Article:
Ukrainian Journalist Roman Sushchenko Released from Russian Prison
PEN America calls three-year imprisonment a travesty, his release a relief
FOR IMMEDIATE RELEASE
(New York, NY) – Ukrainian journalist Roman Sushchenko, detained in Moscow in 2016 on trumped-up charges of espionage, has been released from a Russian prison as part of a broader prisoner swap between Ukraine and Russia. Sushchenko was repeatedly denied due process, psychologically tortured, and held for nearly three years after spending a career investigating and criticizing Russian propaganda.
“Roman’s release today is a welcome relief for writers, journalists, artists, and free speech advocates everywhere,” said Polina Kovaleva, Eurasia project director at PEN America. “Having long been denied his basic human rights, Sushchenko is now free. But his case stands as an example of how the Russian state continues to brutalize any and all who challenge its version of global events. His imprisonment and persecution were a travesty, a caricature of justice visited on a journalist and artist who should’ve never found himself inside the grim walls of a prison cell for three years. Today we celebrate that he can return to his family and his work.”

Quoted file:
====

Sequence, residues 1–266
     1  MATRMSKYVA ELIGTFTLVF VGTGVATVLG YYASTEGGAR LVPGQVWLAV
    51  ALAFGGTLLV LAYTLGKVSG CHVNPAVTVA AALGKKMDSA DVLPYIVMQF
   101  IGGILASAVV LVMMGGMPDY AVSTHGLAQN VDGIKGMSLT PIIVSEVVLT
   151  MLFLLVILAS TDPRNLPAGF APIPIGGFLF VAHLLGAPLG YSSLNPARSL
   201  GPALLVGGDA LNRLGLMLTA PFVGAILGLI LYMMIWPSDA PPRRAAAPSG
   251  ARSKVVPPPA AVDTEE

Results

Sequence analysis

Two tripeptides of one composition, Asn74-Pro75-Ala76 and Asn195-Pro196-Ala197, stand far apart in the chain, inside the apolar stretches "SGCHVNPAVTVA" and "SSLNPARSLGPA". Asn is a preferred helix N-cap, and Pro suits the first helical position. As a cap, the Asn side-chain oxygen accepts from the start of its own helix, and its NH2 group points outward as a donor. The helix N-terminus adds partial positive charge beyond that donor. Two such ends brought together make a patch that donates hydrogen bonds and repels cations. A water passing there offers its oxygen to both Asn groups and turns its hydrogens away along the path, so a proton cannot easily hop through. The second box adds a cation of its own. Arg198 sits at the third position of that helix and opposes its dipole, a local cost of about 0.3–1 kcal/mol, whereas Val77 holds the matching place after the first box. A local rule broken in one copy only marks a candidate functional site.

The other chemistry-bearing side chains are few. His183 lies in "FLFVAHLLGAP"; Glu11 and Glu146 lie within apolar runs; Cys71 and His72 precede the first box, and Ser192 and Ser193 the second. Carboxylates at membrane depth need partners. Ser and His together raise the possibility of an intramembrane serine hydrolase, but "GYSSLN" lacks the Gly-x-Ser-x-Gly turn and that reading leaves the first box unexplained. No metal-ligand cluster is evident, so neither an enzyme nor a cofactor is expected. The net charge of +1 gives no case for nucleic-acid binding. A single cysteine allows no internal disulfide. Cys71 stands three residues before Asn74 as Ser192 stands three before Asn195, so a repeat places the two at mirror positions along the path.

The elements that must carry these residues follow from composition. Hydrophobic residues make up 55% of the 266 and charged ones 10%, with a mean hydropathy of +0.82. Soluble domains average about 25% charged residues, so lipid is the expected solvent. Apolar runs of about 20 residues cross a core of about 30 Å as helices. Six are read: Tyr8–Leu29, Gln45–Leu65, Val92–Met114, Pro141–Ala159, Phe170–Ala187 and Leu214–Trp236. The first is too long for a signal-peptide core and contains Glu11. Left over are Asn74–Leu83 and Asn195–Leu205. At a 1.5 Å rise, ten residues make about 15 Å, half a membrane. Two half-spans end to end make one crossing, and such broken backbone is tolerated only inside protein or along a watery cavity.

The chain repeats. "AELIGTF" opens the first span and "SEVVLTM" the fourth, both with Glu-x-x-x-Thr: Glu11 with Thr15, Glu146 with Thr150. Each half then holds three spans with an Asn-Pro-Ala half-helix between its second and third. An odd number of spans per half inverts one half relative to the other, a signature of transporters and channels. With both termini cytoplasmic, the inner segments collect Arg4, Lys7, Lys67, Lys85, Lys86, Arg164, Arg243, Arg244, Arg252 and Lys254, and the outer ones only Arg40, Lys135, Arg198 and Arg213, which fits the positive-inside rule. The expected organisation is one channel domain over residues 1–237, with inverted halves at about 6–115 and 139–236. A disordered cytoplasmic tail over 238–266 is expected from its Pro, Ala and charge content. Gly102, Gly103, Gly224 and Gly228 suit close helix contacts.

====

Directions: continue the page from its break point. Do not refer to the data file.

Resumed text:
Russian officials detained Sushchenko, an employee of Ukrainian news service Ukrinform based in France, on a visit to Moscow in 2016. In the months prior, he and others had repeatedly reported on Russian attempts to spread propaganda on French television. He and other critics pointed to the woefully inaccurate Russian documentary Ukraine: Masks of the Revolution, which aired on French TV. Upon his arrest, Russia’s security services accused Sushchenko of being a Ukrainian intelligence agent, although no evidence of those accusations was ever revealed.
Sushchenko‘s release Saturday came as Russian officials also sent home Ukrainian filmmaker and 2017 PEN/Barbey Freedom to Write honoree Oleg Sentsov.
“Russia’s security services falsely painted Sushchenko as an intelligence plant, a spurious accusation they have repeatedly lodged against reporters who refuse to accept the Kremlin’s party line,” said PEN America’s Kovaleva. “There’s no doubt this is part of a larger worldwide phenomenon of authoritarian leaders — not just in Russia — tarring journalists as enemies of the people. Sushchenko has escaped further persecution, but other writers, journalists, and activists continue to be unjustly punished for exercising the universal right to free expression.”
PEN America stands at the intersection of literature and human rights to protect open expression in the United States and worldwide. We champion the freedom to write, recognizing the power of the word to transform the world. Our mission is to unite writers and their allies to celebrate creative expression and defend the liberties that make it possible.
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